Gritty combat memoir by an elite British sniper.
Harrison’s memoir focuses on the technical aspects of high-level gunfighting, as battle-tested during his multiple tours in Afghanistan and Iraq. He opens with a tense encounter in Afghanistan, setting up the shot that would earn a world record for a long-distance kill, then downshifts into recounting his hardscrabble, dreary childhood. Things pick up for Harrison and readers when he signs on at age 16 with the British Household Cavalry. He learned about the ugly realities of war during a posting in the Balkans, where he bore witness to Serbian war crimes, and then a tour of Iraq that “had come close to breaking me.” Instead, in 2006, he pestered his way into sniper school: “I just kept asking—literally for years—until I ground them down.” As in the United States, the training is grueling, yet Harrison persevered, winning top student. His new skills served him well in 2007, he notes, when “I was back for another tour in the shithole that was Iraq.” Promoted to command after his first Afghanistan tour, the author documents frequent ambushes and grisly combat tableaux in both theaters: “There wasn’t much logic or background explained to us. We were like ‘rent-a-muscle.’ ” He notes that a certain coldbloodedness is essential for the sniper: “Due to the magnification of the scope, you do tend to see the person you are about to shoot.” Even after being wounded by an IED, Harrison was returned for combat to Afghanistan. He excels at capturing the nitty-gritty of being an operating high-end combat sniper, ably discussing equipment, optics, shooting theory, and stalking tactics. Seeing the Iraq and Afghanistan conflicts through the eyes of a British soldier also helps the book stand out. Otherwise, a sense of the author’s inner life does not really develop beyond the laconic conservatism one might expect.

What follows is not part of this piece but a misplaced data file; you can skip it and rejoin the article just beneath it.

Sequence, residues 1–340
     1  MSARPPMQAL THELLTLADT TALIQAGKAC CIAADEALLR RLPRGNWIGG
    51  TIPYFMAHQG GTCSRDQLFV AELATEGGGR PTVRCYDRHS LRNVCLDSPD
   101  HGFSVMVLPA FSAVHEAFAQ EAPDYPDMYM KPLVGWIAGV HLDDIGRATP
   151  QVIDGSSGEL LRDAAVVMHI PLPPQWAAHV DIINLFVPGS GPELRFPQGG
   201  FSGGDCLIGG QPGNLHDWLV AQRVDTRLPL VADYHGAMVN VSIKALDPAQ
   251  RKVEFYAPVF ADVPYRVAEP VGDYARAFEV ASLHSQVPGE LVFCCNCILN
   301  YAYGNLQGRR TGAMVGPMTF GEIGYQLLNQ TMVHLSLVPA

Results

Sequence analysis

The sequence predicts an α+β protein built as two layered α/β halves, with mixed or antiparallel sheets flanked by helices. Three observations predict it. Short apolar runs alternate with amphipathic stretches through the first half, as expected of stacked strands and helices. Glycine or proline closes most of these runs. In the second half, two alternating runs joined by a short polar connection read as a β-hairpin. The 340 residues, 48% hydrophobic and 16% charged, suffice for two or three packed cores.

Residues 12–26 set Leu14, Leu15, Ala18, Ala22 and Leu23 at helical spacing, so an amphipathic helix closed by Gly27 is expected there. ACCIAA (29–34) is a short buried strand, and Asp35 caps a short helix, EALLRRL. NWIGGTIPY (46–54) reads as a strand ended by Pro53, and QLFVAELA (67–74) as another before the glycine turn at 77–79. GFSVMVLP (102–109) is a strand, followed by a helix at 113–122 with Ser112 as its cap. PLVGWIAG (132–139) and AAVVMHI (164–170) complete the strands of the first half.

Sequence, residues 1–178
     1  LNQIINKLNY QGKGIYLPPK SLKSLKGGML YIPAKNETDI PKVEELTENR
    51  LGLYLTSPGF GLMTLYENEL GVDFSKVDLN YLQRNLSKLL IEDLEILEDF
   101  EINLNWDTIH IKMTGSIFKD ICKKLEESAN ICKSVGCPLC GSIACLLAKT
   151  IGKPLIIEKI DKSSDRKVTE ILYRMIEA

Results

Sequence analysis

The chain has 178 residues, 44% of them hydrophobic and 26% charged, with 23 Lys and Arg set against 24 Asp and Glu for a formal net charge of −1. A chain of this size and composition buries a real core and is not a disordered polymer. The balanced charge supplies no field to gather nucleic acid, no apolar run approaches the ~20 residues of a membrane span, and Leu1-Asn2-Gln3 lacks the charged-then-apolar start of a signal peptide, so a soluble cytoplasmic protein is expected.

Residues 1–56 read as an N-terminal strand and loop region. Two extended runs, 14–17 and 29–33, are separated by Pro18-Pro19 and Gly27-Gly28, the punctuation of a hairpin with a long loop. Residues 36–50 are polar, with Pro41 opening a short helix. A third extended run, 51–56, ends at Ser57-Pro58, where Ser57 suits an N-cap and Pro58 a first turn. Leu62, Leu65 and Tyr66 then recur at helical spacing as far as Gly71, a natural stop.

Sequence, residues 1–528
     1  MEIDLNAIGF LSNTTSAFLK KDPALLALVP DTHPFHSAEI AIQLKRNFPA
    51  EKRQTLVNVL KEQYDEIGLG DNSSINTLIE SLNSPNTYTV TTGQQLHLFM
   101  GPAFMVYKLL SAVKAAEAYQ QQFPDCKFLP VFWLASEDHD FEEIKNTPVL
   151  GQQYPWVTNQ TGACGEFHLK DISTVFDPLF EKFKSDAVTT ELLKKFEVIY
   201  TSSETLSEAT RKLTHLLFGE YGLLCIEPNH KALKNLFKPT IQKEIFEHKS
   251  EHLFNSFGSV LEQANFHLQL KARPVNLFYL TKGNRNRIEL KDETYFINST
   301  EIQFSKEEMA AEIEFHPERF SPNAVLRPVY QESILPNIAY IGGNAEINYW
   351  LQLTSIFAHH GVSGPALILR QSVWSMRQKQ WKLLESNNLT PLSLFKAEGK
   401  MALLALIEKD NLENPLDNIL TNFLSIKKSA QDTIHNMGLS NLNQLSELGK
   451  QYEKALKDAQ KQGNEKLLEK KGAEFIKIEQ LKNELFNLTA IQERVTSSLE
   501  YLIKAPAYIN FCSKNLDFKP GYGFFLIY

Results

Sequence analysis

Will appeal to fans of unapologetically brutal military writing.